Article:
If you don't use Google Classroom, you'll have to find a different way to gather your students' emails in advance. You could have them fill out a quick Google Form at the beginning of the year. This way you'll still have their emails in a spreadsheet, and you can copy/paste them into your Form when needed.

I recommend using the "Dropdown" option in Forms so the emails don't take up too much space on your completed Form. 

Note: Because my students' email addresses contain a portion of their name, I do not include a separate category for their real names because I already know who's who. If your student emails are something like an ID number, you'll need to include a section to select their full names as well. Most learning management platforms have an option to export a roster to Excel, so you can still use the copy/paste trick to save time.

student email pasting.gif

Creating the rubric

Create the Google Form using your rubric categories in the heading/question area. These categories will need to align with the Google Doc template you create later. For the point values, I recommend using the "Multiple Choice" option (The "Dropdown" option is an extra click, we don't have time for extra clicks!)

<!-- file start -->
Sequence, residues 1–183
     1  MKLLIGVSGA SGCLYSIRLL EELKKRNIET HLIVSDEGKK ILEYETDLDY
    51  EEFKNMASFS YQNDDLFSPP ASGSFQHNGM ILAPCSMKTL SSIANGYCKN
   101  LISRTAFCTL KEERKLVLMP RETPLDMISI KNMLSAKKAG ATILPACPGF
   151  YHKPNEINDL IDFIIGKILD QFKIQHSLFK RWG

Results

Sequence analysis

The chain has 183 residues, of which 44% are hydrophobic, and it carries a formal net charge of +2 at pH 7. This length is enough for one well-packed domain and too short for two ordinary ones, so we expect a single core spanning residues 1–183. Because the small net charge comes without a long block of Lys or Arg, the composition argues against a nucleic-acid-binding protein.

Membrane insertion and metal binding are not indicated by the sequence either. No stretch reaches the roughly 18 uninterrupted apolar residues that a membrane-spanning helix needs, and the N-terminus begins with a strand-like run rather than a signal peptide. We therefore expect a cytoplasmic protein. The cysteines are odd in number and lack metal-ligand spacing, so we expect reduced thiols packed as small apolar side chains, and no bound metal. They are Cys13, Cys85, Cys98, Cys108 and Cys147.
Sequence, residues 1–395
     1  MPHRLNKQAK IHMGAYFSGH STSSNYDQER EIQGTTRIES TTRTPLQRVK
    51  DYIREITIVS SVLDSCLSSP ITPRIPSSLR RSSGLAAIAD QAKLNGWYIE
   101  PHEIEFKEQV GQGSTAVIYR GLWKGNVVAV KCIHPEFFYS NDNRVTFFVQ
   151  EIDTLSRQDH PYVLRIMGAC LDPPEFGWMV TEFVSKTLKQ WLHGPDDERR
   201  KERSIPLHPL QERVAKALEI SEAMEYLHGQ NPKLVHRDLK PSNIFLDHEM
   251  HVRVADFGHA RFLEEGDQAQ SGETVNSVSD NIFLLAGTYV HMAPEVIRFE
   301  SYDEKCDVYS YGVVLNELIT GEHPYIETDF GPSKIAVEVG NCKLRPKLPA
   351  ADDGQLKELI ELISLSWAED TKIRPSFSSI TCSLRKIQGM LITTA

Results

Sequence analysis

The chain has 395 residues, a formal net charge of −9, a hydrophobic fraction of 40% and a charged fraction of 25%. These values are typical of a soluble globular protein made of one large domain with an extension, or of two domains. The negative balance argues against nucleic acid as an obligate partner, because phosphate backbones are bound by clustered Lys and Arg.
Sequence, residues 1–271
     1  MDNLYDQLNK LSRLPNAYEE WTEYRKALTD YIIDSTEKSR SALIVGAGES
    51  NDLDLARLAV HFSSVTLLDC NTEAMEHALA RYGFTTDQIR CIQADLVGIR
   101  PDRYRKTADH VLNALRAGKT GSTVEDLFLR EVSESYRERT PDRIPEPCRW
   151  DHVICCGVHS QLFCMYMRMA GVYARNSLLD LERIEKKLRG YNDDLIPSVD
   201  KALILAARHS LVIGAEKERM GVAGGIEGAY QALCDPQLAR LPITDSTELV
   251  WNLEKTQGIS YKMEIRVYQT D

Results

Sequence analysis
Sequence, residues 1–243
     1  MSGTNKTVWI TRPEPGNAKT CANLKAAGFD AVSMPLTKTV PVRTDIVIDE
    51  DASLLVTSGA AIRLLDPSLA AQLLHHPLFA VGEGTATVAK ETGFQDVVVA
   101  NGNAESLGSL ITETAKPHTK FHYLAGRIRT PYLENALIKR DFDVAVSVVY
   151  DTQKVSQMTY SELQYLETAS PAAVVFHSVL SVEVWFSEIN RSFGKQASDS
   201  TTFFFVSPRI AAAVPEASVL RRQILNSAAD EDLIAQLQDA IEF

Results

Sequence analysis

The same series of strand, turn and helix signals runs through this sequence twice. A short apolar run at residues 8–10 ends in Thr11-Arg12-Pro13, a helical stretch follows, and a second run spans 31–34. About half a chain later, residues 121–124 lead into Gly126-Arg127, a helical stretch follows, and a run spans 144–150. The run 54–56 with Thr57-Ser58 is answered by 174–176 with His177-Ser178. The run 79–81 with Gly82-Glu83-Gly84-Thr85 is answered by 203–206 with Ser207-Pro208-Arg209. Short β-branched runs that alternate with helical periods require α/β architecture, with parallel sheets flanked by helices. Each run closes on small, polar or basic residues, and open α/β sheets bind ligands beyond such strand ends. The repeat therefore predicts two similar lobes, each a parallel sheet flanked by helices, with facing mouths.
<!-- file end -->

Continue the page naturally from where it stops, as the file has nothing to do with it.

Google Forms rubric.JPG

Notice in the photo above, I have a rubric category titled "Introduction." The remainder of my rubric looks identical, but with different categories for each area I want to assess (Body, Conclusion, etc). If you don't see an area to add a description, you can add one by clicking those three little dots in the bottom right corner.  

In the photo below, you'll see I also include a generic "Comments" category using the "Checkboxes" selection. I list commonly-used feedback here to save time, while also adding an "Other" option for more personalized feedback. 

Google Forms rubric 2.JPG


The Google Doc Template

Once you are happy with the rubric you've created in Google Forms, you'll need to create a corresponding template in Google Docs. You can design the rubric to look however you want. Below, you'll see a sample of one of mine.

Google Doc template for autoCrat.JPG

Notice the angle brackets and words/phrases underneath the "Points Earned" category above. These are called tags. Tags are what autoCrat uses to merge the data from your Google Form to your template. These are case-sensitive and must be IDENTICAL to your Google Form categories. I recommend just copy and pasting the text from your Form to this Doc to ensure everything aligns properly.